He was a saint of the Vedic period who attained extraordinary power of meditation.  He acquired extensive knowledge of the vedas and did severe tapas.  He always stood like a fortress protecting good and righteous people at all times.  He had extraordinary knowledge on aero-dynamics science, which is seen in his book Vimana Shastra.  He was a sage who spread the name and fame of Bharata through wisdom and kindness.



Madhwa was born in a  small villagenear Udupi.  He was initiated into sanyas at the age of 12.  His whole life was devoted to the propagation of vedic philosophy.  He preached Dwaita philosophy when the caste system was stubbornly practised in the Indian society.  He wrote commentaries on the Prastana Traya – the Bhagawad Gita, 10 Upanishads and Brahma Sutras.  He dedicated his work Gita Bhashya to Veda Vyasa.  He lived the life of a dynamic sanyasi and had a reassuring effect on all who came to him. Acharya Madhwa took leave of his disciples and left for Badri in 1317 AD and none saw him after that.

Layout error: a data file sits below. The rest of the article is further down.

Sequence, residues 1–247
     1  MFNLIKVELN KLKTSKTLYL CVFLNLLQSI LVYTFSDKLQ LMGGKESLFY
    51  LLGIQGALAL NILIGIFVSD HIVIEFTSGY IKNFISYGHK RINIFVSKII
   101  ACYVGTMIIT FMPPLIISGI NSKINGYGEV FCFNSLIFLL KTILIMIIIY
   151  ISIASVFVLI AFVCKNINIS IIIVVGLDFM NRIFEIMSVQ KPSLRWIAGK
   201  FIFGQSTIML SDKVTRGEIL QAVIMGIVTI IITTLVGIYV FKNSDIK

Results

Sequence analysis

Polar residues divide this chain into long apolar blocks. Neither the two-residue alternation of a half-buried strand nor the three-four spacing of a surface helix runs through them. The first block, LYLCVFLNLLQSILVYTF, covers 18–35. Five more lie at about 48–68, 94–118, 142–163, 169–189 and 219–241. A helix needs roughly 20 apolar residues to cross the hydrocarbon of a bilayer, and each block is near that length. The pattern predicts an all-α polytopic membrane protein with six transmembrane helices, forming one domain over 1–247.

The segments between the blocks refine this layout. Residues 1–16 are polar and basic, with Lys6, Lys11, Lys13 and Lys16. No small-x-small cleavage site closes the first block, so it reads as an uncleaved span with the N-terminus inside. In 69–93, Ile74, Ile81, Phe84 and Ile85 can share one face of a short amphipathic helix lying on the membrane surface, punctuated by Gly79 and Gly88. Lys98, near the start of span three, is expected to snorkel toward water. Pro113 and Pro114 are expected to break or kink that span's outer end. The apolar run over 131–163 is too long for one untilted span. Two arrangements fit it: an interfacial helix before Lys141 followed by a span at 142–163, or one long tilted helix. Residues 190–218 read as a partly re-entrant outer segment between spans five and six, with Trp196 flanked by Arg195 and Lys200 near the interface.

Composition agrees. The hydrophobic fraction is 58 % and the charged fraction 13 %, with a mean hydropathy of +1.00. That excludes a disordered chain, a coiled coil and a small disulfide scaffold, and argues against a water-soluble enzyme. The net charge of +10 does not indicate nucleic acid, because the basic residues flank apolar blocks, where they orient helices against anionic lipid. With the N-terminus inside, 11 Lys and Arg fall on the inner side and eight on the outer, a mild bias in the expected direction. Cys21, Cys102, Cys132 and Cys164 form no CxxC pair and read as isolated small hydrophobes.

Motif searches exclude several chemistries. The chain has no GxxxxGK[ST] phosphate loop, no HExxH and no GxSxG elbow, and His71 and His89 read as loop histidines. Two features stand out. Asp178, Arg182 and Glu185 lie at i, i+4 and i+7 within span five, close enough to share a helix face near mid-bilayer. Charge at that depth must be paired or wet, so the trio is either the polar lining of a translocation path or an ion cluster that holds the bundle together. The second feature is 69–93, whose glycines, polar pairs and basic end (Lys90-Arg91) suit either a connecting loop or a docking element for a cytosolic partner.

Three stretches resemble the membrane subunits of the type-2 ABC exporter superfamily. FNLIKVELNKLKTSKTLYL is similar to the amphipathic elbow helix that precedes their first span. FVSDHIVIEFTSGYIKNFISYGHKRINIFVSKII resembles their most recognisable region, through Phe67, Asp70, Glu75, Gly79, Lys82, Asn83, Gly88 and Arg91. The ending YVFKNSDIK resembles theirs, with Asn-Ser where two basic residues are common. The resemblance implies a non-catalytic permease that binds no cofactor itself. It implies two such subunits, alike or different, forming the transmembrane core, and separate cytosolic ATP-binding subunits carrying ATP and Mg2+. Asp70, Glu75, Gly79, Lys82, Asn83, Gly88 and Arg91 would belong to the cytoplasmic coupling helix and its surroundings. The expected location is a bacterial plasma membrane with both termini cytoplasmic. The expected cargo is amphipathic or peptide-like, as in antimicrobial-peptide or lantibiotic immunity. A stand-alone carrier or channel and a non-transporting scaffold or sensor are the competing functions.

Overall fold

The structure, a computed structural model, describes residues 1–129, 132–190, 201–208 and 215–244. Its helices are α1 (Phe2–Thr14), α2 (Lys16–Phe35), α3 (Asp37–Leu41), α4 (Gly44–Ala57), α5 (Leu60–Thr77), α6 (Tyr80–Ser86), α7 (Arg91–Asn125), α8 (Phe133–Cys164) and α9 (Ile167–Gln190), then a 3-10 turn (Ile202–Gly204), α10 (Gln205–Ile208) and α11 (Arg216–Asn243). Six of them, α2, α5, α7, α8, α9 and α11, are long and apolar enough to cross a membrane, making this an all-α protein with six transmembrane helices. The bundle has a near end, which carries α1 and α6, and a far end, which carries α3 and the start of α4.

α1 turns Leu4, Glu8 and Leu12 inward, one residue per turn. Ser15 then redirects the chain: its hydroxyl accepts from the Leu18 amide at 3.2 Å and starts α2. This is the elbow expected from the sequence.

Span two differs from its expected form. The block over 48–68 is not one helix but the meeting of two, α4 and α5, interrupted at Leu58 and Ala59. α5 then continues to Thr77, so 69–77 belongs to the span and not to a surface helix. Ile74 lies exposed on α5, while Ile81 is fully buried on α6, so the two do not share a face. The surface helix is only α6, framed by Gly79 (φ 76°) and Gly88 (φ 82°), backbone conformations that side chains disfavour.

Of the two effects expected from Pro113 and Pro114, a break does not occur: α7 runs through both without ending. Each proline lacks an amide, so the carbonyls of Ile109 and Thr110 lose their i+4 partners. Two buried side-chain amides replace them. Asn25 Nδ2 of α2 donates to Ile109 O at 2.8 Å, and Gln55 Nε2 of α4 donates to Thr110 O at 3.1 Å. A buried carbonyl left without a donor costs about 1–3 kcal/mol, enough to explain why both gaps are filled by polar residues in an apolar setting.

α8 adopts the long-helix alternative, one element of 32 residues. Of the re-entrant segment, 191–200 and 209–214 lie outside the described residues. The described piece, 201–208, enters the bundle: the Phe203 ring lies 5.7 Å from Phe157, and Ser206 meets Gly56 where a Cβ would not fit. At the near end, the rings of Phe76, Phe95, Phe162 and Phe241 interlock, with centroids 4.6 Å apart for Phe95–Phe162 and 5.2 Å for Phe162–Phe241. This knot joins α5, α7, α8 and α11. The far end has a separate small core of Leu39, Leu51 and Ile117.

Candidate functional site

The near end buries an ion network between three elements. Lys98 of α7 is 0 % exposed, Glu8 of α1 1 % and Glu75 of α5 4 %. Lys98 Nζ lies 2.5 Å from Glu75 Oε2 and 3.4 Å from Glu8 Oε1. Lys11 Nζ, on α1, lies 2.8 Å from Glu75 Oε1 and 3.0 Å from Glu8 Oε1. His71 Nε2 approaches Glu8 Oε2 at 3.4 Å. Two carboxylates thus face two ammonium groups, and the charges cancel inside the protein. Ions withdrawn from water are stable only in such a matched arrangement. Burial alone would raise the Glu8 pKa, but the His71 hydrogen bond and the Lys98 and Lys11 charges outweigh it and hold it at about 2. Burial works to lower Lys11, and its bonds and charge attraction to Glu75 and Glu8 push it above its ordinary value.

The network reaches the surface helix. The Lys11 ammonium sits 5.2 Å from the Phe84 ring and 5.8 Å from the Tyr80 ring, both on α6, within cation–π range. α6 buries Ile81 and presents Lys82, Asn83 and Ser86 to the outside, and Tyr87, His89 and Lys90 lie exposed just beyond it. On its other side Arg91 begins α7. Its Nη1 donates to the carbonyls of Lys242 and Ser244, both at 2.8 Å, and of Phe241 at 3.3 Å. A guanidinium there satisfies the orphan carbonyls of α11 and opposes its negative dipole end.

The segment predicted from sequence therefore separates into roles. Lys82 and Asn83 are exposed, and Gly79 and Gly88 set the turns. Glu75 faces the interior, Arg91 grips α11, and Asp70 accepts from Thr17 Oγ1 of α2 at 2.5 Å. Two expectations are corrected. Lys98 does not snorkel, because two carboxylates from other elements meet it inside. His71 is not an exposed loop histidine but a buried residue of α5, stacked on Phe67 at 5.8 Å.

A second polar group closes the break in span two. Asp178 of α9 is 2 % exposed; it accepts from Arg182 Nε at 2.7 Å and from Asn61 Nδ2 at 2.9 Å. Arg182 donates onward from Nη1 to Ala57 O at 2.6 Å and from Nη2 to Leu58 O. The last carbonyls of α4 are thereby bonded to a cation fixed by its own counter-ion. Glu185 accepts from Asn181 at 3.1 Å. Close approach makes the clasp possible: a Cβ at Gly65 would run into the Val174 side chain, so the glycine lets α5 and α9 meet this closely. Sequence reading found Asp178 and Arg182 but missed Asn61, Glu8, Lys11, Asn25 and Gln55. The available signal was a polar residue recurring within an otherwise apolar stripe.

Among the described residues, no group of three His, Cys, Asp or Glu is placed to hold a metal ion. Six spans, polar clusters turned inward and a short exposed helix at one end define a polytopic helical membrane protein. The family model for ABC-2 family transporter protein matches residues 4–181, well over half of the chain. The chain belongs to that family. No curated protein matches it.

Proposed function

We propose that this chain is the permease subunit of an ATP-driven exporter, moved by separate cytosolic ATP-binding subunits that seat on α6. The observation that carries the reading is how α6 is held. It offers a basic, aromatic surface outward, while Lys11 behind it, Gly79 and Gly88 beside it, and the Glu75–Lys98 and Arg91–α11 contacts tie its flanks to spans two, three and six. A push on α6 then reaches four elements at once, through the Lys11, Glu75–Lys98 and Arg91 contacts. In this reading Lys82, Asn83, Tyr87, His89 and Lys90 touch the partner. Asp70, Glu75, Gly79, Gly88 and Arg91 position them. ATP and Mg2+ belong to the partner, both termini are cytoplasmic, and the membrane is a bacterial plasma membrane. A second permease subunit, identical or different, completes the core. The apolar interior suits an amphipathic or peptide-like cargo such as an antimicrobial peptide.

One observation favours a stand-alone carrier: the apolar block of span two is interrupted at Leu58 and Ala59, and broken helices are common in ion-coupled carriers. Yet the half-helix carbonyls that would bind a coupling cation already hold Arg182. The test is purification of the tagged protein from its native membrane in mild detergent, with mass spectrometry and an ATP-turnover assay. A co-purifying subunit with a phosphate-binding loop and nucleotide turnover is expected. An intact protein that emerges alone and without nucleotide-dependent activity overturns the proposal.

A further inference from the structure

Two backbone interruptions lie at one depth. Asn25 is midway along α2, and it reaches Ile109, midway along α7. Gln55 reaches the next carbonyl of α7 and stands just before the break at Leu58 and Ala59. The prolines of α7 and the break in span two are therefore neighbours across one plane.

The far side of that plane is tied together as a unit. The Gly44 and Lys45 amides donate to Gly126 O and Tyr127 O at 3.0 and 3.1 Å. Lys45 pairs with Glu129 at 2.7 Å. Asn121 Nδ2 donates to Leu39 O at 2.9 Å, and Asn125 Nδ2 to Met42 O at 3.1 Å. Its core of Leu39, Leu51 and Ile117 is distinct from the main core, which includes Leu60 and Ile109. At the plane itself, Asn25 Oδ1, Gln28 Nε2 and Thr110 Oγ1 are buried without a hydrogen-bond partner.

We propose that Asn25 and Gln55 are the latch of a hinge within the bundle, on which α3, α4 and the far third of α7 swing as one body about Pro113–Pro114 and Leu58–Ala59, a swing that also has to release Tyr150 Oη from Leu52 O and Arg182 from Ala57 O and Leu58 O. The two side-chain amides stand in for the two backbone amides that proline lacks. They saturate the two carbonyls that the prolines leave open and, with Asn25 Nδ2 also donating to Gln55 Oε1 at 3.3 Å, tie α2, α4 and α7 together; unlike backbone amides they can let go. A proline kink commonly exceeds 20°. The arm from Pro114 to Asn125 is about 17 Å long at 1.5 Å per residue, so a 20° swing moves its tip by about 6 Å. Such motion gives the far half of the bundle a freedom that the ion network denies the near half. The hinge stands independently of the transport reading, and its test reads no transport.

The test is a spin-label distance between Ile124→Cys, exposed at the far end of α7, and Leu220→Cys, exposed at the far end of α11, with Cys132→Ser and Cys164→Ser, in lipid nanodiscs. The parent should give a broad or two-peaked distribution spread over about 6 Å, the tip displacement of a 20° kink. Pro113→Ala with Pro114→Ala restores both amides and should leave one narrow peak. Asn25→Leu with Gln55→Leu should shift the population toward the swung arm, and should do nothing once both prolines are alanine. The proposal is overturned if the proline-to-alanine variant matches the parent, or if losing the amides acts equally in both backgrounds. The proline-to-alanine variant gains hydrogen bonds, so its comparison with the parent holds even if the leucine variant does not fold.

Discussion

Swami Rama Tirtha


He was a saint with a scientific outlook who supplemented Swami Vivekananda’s work of emancipating India.  He was a mathematician par excellence.  After becoming a sanyasi, he travelled extensively around the world, bringing to light the plight of the Indian masses and trying to make a way for India’s redemption.  His inspiring messages are recorded in his books such as Songs of Enlightenment and In the woods of God realization.